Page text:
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The Challenges regarding investment in Natural Resources

Delegations from HBF office in China participated in roundtable discussion organized by HBF office in Cambodia

Written by CHIM Linna
Written & Photographed by CHIM Linna  

Phnom Penh--Different expectations between government and non-governmental organizations about the involvement in environmental impact assessment (EIA) are considered as one of the barriers to promote the investment in natural resources in Cambodia. This was the topic of a roundtable discussion organized by Heinrich Boell Foundation (HBF) in Cambodia on December 14, 2010.

The roundtable discussion with its own main theme, maximizing the opportunities for investments in natural resources, was joined by 47 participants coming from various institutions such as Cambodian government representatives, world bank, delegations from HBF office in China, researchers, and other local and international organizations.

“As the government, we cannot stop the company from investing in Cambodia, whether they are bad or good. We are the government, we accept both, bad and good  .But it depends on how we regulate those bad and good companies,” said H.E. Dr. Phan Phalla, a roundtable discussion moderator and Deputy Secretary General, Supreme National Economic Council. “We have different institutions to regulate before the company starts their operation or exploitation.”

During the roundtable discussion, Mr. Danh Serey, Deputy Director, Environmental Impact Assessment (EIA) Department, Ministry of Environment (MOE) explained that EIA involves all stakeholders such as investors, government officials and representatives from non-governmental organizations (NGOs).

“There are three phases that involve NGOs in the EIA process: Before companies' consultants collect data, they always interview local people and involve stakeholders including NGOs. Second step is the review EIA. MOE developed a declaration on implementation of EIA general guideline, and when the project development submits the EIA report, MOE always ask NGOs to give their comments. The last step is the monitoring phase. When the problem has happened in the project, they[NGO] always inform or complain to the MOE,” he said.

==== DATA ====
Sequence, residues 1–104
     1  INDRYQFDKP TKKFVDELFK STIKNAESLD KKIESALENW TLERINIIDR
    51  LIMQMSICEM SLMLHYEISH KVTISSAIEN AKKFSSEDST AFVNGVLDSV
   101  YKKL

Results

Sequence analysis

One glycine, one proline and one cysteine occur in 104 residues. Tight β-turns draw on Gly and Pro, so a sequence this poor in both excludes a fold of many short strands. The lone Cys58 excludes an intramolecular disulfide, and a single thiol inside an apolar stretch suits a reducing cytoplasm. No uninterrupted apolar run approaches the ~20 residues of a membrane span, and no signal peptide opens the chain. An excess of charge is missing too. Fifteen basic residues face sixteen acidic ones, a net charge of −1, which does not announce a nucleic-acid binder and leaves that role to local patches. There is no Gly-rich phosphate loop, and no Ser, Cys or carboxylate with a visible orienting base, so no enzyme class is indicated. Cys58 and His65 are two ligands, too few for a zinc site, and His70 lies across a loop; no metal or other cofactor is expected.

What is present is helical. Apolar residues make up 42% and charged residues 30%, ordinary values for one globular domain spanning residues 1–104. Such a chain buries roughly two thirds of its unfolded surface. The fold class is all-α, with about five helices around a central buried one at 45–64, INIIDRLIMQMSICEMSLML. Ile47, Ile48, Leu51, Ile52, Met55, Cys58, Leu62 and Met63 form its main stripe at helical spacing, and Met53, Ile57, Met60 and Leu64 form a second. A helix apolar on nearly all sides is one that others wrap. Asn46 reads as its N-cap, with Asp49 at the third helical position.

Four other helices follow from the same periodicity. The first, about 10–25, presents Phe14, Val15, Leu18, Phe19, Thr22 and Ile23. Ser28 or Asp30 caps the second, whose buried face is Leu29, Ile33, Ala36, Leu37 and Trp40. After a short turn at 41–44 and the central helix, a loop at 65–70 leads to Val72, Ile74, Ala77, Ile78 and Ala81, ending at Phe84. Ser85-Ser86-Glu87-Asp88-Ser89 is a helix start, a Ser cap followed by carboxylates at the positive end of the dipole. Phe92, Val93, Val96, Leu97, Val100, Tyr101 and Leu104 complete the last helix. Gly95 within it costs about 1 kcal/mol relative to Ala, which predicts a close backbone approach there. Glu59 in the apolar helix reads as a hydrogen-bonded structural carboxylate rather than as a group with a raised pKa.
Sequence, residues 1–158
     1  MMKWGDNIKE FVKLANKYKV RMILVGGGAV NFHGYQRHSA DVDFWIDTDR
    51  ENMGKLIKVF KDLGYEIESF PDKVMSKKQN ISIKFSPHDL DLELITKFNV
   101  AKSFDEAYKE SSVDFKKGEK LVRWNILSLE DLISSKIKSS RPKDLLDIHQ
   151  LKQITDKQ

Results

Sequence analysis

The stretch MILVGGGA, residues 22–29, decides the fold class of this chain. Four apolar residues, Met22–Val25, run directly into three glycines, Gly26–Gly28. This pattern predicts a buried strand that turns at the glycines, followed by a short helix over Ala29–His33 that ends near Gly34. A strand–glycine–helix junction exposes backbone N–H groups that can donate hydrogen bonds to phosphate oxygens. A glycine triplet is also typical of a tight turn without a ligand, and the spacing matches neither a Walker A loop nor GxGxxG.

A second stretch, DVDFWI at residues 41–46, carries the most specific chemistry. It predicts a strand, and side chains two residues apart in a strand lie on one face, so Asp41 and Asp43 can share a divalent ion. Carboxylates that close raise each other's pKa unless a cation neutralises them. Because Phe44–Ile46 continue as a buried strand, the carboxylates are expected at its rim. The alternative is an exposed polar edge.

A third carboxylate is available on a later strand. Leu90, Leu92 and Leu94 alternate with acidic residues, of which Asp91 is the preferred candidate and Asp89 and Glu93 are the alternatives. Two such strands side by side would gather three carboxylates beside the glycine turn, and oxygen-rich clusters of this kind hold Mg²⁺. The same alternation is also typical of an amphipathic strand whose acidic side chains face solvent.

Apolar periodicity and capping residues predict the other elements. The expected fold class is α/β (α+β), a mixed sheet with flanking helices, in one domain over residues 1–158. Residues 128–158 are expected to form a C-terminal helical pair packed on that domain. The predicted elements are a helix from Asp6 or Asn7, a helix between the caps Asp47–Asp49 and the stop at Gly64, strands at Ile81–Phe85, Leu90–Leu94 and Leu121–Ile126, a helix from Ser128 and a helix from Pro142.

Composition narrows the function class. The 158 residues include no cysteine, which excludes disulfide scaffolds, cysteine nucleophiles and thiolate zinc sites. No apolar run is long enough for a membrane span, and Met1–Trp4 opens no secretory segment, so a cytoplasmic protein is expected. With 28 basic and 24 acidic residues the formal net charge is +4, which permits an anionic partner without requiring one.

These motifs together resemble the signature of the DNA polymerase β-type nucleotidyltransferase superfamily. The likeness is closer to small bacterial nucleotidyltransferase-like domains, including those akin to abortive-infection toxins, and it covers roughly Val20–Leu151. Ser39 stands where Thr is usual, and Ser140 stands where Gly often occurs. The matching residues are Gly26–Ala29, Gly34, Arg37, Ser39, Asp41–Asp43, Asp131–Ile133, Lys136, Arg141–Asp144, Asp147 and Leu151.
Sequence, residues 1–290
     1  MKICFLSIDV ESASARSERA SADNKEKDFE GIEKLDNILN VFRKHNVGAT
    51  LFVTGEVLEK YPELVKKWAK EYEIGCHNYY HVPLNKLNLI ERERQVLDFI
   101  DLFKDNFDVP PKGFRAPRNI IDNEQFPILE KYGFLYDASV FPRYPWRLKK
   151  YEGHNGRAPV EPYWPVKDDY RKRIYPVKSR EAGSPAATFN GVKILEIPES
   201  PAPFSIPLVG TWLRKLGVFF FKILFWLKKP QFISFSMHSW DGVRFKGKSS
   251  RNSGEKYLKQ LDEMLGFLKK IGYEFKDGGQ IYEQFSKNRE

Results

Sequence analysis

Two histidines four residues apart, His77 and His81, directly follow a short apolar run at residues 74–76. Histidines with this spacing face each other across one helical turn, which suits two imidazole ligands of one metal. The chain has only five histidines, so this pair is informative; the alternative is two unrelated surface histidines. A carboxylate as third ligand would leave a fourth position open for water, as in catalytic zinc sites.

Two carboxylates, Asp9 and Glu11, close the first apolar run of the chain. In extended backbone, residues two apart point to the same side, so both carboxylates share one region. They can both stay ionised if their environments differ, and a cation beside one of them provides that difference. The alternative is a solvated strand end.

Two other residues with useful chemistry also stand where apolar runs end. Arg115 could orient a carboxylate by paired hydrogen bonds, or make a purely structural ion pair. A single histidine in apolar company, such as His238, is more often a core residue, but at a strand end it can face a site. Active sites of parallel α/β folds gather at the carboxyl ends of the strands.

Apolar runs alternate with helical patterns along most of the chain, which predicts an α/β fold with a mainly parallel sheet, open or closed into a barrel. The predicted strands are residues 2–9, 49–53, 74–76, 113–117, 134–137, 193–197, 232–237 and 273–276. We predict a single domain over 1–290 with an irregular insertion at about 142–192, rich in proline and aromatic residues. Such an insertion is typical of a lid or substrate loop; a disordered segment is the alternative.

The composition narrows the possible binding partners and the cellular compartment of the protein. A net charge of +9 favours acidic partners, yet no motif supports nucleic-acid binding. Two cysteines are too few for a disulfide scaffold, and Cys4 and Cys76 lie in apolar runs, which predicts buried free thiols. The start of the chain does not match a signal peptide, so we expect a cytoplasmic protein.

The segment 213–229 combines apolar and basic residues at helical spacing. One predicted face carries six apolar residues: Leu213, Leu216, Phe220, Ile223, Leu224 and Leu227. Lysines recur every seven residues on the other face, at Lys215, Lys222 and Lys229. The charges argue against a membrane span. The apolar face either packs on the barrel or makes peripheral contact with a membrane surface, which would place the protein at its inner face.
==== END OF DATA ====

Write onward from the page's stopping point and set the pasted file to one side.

Dr. Meas Nee, Director of the NGO Village Focus Cambodia, said that although NGOs have been involved in the EIA process, it happened that some comments have been ignored. There is a lack of trust between NGOs, government and investment companies.   That is why sometimes the NGOs feel excluded. And according to the presentation of Pro. Gou Jiguang, Research Fellow, Institute of Asia-Pacific Studies, Chinese Academic of Social Science there are some complaints from NGOS toward the impact of Chinese investment in Cambodia due to the little attention to environment and social impact, not transparent, and some dispute with local community. 

Other aspects regarding the investment in natural resource in Cambodia were shown by the research study in draft about Korean investment in Cambodia by Miss. Ji-Sook Lee. She mentioned that Korean mining investment started in 2003 at nearly USD 6 million and in the mid 2010, the total of approved investment was nearly USD 72 million. However, in the research study has been shown that the investors may risk to lose  income because of the lack of skilled workers, not enough quality infrastructure and high cost of electricity in Cambodia.
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